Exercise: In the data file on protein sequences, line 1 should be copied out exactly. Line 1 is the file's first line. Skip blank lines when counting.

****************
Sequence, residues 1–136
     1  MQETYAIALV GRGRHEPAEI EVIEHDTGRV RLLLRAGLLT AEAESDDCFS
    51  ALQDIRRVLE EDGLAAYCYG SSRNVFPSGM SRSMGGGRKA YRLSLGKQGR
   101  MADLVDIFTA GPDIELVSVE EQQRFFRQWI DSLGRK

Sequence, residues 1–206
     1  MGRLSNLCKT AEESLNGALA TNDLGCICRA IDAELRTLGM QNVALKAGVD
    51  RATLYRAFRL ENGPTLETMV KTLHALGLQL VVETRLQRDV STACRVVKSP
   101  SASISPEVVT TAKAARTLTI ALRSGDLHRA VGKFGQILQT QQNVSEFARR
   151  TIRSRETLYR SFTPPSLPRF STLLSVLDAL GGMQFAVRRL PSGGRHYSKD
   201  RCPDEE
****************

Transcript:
Sequence, residues 1–136